In fact, initially, SWOT Analysis was exclusively used by enterprises as a strategic planning tool to enhance their competitive positioning. Gradually, this powerful assessment and planning tool also started finding its application among individuals to evaluate performance levels. What stands out about this strategic planning tool is its ease of use given the fact that the framework is quite uncomplicated and straightforward. It offers clear insights into what capabilities an organization or individual has currently and what are weaknesses and threats.

Going forward, let us individually analyze each element of the SWOT Matrix to delve deeper into the classification of internal and external factors that determine performance and potential.

1. Strengths

The very first element in the SWOT Analysis framework is related to the acquired strengths of an organization or individual. The strengths section highlights the current capabilities and explains what a group or individual is already good at. For instance, if a business has incredible change management capabilities like Coca-Cola or Apple, it counts as a core strength of the business as it can manage transitions effectively. Further, in the context of individuals, capabilities will exist in the form of skills including creative intellect, emotional intelligence, project management skills, and so on.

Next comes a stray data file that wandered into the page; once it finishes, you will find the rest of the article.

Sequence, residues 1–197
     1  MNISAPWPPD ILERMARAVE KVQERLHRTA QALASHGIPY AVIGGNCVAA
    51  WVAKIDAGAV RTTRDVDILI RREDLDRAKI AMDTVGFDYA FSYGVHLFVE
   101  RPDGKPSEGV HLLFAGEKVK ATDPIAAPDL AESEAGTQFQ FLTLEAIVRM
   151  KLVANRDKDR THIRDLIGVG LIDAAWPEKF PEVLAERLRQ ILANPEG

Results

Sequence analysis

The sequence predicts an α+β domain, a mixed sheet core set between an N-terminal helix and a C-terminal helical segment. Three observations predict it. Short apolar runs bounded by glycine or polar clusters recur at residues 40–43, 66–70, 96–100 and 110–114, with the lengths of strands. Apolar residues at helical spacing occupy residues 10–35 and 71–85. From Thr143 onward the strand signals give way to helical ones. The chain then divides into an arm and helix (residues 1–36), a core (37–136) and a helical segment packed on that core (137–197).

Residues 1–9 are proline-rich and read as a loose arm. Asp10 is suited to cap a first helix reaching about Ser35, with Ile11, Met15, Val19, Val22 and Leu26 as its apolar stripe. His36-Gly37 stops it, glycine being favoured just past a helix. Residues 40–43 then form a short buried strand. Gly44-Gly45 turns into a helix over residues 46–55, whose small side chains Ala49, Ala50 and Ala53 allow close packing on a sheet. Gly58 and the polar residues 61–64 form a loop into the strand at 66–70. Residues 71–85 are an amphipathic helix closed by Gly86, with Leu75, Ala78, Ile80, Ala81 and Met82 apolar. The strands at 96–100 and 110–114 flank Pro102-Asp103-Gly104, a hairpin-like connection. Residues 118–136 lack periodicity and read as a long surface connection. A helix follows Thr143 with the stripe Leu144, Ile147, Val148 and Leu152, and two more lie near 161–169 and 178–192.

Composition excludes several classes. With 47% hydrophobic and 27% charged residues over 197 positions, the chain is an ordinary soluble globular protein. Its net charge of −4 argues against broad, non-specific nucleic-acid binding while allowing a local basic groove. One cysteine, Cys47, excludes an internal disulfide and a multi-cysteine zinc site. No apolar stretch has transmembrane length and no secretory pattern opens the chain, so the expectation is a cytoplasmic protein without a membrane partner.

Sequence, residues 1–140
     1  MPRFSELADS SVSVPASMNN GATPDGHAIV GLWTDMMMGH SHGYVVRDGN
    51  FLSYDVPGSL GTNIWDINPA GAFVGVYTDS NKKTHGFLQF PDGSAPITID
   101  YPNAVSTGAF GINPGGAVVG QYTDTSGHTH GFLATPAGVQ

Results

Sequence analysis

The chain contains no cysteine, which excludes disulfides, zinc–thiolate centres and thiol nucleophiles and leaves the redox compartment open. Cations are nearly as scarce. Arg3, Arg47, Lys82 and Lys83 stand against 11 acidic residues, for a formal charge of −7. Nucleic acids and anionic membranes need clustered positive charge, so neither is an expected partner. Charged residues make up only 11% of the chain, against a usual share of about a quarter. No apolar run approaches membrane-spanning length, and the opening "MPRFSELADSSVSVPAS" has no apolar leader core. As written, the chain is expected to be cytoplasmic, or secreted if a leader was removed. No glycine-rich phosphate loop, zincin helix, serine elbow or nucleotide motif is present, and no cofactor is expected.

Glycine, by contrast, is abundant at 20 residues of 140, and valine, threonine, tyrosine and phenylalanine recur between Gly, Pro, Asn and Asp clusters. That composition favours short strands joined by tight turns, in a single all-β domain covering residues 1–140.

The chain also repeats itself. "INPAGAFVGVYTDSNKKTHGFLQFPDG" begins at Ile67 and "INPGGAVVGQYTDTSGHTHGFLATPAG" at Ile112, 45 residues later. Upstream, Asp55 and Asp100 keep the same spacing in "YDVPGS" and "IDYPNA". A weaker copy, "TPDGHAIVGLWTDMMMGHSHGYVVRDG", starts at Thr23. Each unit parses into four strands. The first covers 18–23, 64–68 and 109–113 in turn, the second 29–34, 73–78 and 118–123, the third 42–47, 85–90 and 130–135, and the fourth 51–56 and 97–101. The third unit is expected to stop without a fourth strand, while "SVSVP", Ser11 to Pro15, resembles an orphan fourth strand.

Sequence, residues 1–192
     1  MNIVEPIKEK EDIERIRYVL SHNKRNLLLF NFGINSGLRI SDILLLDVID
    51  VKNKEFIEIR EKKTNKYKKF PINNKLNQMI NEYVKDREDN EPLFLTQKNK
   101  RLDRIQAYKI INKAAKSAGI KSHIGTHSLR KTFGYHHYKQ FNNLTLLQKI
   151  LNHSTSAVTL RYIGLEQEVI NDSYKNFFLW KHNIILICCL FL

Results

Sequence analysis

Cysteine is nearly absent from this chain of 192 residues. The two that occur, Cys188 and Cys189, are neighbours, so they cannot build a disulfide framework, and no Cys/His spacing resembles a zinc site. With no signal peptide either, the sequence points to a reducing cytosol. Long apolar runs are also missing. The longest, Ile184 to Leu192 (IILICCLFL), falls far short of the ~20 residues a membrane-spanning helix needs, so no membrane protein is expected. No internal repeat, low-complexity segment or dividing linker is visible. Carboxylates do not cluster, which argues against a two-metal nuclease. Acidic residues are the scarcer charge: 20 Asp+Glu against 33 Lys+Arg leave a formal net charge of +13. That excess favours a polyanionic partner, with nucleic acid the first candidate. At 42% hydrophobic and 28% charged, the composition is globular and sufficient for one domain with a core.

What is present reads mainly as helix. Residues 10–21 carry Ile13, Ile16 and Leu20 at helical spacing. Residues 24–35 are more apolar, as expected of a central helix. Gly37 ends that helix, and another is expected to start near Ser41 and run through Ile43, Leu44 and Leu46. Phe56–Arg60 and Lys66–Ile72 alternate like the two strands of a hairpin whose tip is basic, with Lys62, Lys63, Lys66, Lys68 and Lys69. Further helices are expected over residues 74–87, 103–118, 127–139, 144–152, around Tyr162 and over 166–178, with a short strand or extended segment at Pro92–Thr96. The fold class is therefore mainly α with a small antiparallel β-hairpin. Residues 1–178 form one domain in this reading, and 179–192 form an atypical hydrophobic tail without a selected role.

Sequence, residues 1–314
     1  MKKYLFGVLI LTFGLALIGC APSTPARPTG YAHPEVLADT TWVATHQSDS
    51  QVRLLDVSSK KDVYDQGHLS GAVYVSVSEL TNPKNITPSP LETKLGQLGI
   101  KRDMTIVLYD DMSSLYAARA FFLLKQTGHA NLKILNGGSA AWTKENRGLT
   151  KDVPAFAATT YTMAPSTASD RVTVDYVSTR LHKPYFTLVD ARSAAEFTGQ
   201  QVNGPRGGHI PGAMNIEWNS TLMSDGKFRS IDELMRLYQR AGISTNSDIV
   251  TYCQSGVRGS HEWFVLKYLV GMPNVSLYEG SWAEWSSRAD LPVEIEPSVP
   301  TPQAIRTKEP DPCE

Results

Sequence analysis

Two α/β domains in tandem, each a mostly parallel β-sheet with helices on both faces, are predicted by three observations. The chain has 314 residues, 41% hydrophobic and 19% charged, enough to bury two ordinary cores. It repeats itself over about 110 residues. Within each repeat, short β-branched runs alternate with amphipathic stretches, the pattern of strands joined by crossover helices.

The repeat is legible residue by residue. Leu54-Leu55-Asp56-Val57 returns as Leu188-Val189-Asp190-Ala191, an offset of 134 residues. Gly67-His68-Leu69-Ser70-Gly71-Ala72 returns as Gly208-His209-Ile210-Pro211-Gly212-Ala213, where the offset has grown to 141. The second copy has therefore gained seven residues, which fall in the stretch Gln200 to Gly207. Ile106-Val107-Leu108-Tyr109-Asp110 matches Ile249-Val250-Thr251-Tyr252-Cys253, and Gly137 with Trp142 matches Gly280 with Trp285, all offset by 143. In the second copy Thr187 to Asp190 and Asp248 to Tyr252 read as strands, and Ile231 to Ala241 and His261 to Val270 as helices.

Furthermore, strengths underline the available resources that are unique and make a company or individual highly competitive by giving them an edge over others. These valuable resources will also have a huge role to play in developing future capabilities. For instance, Elon Musk’s excellent and unique vision backed by his leadership qualities is a valuable resource for Tesla and hence, one of the core strengths of the company.

Similarly, strong finances or massive cash flow can be a unique resource for a company. Having said that, tangible assets of an organization as well internal competencies are among the major strengths of a business organization.

Bottom Line: Strengths are a part of internal factors and highlight what organizations or individuals do well already and why they are likely to succeed in the future

2. Weaknessess

Contrary to strengths, weaknesses highlight the shortcomings in performance that can potentially lead to a loss of the current competitive position. This section of the SWOT Matrix explains the areas of improvement that need to be worked on to negate possible threats in the external environment. To exemplify, if an organization has low levels of employee engagement, it could well be a weakness as it would directly impact business performance.